Oral Health Group
Feature

Introducing the Advanced Light Force(ALF) Appliance

March 1, 2015
by James M. Bronson, DDS; J. Alexander Bronson, DMD; Cathy Holway, PT, DPT


ABSTRACT
The use of a light-force oral mechanism to facilitate orofacial reorganization and optimize oral-motor function.


INTRODUCTION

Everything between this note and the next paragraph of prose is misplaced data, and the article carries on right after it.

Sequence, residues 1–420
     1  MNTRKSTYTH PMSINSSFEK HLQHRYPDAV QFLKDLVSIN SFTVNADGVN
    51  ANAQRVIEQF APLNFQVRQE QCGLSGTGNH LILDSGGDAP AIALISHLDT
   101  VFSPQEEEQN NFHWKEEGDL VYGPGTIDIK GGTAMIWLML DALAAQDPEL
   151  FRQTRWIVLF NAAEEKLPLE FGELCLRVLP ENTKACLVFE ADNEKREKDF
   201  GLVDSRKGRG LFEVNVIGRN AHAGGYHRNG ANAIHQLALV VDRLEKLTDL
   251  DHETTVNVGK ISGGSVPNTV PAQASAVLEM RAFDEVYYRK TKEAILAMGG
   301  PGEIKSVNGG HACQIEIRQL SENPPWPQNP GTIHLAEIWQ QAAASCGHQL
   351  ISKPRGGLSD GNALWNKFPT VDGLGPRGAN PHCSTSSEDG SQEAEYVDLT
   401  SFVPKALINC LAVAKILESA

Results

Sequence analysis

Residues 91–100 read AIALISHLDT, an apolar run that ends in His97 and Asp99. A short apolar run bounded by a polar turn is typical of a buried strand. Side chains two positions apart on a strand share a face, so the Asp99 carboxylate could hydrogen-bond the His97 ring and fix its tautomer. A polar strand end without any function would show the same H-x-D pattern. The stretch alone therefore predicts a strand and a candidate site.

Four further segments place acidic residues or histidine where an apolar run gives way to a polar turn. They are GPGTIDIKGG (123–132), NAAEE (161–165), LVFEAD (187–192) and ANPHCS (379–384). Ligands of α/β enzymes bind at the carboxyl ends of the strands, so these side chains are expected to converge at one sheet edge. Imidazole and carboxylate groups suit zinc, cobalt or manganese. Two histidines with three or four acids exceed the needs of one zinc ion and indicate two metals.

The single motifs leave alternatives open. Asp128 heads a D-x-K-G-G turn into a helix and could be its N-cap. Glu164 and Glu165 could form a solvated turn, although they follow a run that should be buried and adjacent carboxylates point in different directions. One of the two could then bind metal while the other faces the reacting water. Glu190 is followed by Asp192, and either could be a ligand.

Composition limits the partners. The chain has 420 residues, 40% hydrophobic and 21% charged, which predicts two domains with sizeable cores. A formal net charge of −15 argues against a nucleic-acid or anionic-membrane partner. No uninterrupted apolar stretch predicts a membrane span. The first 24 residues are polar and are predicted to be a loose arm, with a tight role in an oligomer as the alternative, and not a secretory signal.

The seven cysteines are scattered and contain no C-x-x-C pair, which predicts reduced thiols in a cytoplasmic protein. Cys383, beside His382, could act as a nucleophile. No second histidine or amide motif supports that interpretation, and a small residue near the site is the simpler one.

This orofacial reorganization and optimized oral-motor function also allows for an enhanced genetic expression in cranial facial growth and development. Challenges to orofacial form and function have captured the attention and resources of the dental profession for decades. In 1982, the quest for more effective, lightweight interventions aligned with osteopaths’ focus on cranial rhythm and movement; Dr. Darick Nordstrom developed the Advanced Light Force (ALF) appliance.1This novel approach to orthodontic systems works to integrate cranial mobility with palate, tooth, and jaw alignment, thereby promoting better swallowing, breathing, speech and sleep. By focusing on the form and function of the neuro- and viscera-cranium, the gentle action of the ALF appliance provides a safe sensory stimulus within the mouth that allows for a greater range of neurological regulation to occur, especially through the cranial nerves and the autonomic nervous system. Thus patients wearing the ALF appliance experienced far-reaching changes in bite, body, brain, and behavior. As Dr. Nordstrom has noted, “With insertion of the ALF appliance we have seen seemingly unrelated health issues improve or completely resolve.”2 Here we will explore the neurophysiological foundation of oral-motor function to see how such a subtle ALF device can facilitate such profound realignment.